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MCMURRAY, Presiding Judge.
Aggravated assault. Liberty Superior Court. Before Judge Harvey.
Defendant was indicted in two counts for the offense of aggravated assault against a law enforcement officer. He was convicted on both counts and sentenced to serve a term of five years as to one offense and an additional five years to be computed according to law and to run concurrent to the sentence imposed as to the other offense. A motion for new trial was filed, later amended, and after a hearing, denied. Defendant appeals. Held:
1. The motion to dismiss is not meritorious and is therefore denied.
2. The first enumeration urges error in that a state trooper was allowed to testify as to telephone calls received at the state patrol headquarters. The first call was by a female stating there was trouble at "A. C. Bryant's place." No objection was made to this testimony as to the female caller. He then testified to two other calls from a male voice identified by him as being the same person, the individual stating he lived out at A. C. Bryant's Truck Stop, that there would be some shooting out there and that the second call was to "send all the big hats so and so out here I got something for them this that and the other." The testimony was relevant to show conduct on the part of the officer and to show motive on the part of the caller. See Code 38-302; Boggus v. State, 136 Ga. App. 917 (2) (222 SE2d 686); Arnold v. State, 236 Ga. 534, 536-537 (5) (224 SE2d 386); Bradley v. State, 137 Ga. App. 670, 671 (2) (224 SE2d 778).
3. The next enumeration of error complains of the district attorney's closing argument as to these conversations which had been admitted as original evidence under Code 38-302. There is no merit in this complaint since the district attorney may comment upon the evidence and draw conclusions therefrom. See in this connection Wallace v. State, 146 Ga. App. 21 (245 SE2d 357); Shy v. State, 234 Ga. 816, 824 (III) (218 SE2d 599).
4. The district attorney may not comment upon the defendant's right to testimonial silence. See Mitchell v. State, 226 Ga. 450, 455 (175 SE2d 545); Spann v. State, 126 Ga. App. 370, 371 (2) (190 SE2d 924). However, there is no error for the district attorney to reflect upon the failure of the defense to present any evidence to rebut the proof adduced by the state. See Delvers v. State, 139 Ga. App. 119, 121 (227 SE2d 844); Floyd v. State, 135 Ga. App. 217, 220 (217 SE2d 452). The prosecutor may draw also inferences from the non-production of defense witnesses and to comment upon the failure to produce a witness allegedly having information. See Montgomery v. State, 140 Ga. App. 286, 287-288 (3) (231 SE2d 108); Contreras v. State, 242 Ga. 369, 372 (3) (249 SE2d 56). We find no error in the district attorney's argument that defendant failed to produce his wife to testify as to his convulsions and as to what the defendant did. There was no direct evidence that she was present but there was circumstantial evidence that she was present during the entire episode. We find no reversible error here.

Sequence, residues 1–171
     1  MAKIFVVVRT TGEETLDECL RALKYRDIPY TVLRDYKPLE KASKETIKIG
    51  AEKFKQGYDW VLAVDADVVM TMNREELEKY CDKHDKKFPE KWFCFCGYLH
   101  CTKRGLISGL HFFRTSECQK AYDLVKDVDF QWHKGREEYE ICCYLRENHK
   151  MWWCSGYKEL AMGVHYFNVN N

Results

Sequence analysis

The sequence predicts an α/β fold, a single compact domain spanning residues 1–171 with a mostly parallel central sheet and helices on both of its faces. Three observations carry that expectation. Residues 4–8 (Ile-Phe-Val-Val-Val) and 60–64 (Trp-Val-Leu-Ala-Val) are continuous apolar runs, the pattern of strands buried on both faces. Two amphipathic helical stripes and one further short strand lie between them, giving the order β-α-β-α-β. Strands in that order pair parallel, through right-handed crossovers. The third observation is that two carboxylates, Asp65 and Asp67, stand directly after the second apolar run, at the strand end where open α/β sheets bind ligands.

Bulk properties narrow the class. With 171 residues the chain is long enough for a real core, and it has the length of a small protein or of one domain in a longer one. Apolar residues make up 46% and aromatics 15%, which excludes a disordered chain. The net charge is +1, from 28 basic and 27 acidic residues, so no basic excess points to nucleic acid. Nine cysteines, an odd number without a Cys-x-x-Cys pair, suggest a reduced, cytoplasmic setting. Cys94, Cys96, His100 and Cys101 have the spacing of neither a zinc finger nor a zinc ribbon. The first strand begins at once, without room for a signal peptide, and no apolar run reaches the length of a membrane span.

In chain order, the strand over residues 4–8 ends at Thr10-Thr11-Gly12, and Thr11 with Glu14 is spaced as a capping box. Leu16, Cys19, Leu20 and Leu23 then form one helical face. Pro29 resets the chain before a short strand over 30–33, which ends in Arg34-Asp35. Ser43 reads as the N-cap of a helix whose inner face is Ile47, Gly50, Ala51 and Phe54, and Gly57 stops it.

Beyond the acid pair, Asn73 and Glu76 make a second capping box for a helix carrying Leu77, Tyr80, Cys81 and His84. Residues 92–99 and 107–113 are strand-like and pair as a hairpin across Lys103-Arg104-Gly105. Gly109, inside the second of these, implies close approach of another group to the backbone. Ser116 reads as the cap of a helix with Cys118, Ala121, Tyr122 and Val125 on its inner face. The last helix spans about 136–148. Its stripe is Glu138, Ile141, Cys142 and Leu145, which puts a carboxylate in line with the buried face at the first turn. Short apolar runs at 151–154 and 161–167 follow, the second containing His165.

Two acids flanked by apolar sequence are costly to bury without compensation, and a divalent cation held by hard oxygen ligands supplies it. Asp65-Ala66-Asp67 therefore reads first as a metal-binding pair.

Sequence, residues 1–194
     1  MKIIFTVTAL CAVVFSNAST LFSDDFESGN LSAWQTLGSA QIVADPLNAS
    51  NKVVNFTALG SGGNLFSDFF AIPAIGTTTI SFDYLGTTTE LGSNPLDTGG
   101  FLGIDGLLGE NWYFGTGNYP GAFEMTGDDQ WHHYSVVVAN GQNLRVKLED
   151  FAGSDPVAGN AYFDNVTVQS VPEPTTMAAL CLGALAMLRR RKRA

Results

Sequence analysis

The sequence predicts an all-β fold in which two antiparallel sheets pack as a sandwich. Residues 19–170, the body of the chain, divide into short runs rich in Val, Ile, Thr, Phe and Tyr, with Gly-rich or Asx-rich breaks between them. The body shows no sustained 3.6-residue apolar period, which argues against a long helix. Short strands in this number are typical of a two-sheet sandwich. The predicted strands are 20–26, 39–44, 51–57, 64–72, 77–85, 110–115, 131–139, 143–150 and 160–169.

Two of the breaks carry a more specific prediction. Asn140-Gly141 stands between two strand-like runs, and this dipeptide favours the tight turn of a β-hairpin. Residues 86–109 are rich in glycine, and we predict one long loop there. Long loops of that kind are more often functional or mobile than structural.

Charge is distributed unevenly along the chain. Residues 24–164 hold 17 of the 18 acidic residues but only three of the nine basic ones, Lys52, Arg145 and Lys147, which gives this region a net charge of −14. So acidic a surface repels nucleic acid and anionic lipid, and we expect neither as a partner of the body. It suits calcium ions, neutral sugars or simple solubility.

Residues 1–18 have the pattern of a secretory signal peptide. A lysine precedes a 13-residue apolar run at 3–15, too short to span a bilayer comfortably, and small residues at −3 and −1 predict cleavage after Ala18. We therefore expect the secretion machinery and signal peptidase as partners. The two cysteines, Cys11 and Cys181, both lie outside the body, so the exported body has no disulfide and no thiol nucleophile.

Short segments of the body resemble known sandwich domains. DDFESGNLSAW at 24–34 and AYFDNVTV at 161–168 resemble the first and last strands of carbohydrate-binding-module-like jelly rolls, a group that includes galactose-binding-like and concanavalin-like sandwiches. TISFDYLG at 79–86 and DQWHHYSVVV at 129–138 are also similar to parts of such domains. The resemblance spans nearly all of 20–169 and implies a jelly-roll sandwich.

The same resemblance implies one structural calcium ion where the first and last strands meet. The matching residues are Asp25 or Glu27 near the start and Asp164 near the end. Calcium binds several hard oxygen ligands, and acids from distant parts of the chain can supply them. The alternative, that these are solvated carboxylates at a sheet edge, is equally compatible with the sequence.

5. The defendant raised the plea of insanity under his general plea of not guilty. However, the trial court correctly charged on the law covering an insanity defense, that is, that it must be shown by a preponderance of evidence that he was not mentally responsible at the time of the commission of the alleged offense. See Potts v. State, 241 Ga. 67, 81 (243 SE2d 510); Durham v. State, 239 Ga. 697, 698 (238 SE2d 334); Grace v. Hopper, 234 Ga. 669 (217 SE2d 267). While the defendant has no obligation to prove any defense the defendant is presumed to be sane until shown otherwise. See Richardson v. State, 143 Ga. App. 846, 847 (2) (240 SE2d 217); Longshore v. State, 242 Ga. 689, 690 (1) (251 SE2d 280). The charge here was not burden shifting.
6. Upon considering the entire charge the trial court correctly charged on aggravated assault as to the issue of the criminal intent necessary to commit a crime. See Riddle v. State, 145 Ga. App. 328, 330 (1) (243 SE2d 607); Grant v. State, 136 Ga. App. 351 (1) (221 SE2d 210); Harper v. State, 127 Ga. App. 359, 360 (3) (193 SE2d 259). Clearly, the court charged after instructing on the meaning of assault, that the assault becomes aggravated if committed with a deadly weapon, which it thereafter defined. There is no merit in this complaint.
7. As the court's charge on insanity was complete, the trial court did not err in failing to charge an excerpt from the case of Roberts v. State, 3 Ga. 310 (3), 326-333. Since the charge on insanity was substantially and correctly made and the general charge embraces the same subject matter or as much as is appropriate as the requested charge, there is no error. Leutner v. State, 235 Ga. 77, 81 (5) (218 SE2d 820); Crawford v. State, 236 Ga. 491, 493 (224 SE2d 365); Epps v. State, 134 Ga. App. 429, 434 (7) (214 SE2d 703).
Dupont K. Cheney, District Attorney, for appellee.
A. G. Wells, Jr., for appellant.
Friday May 22 02:01 EDT

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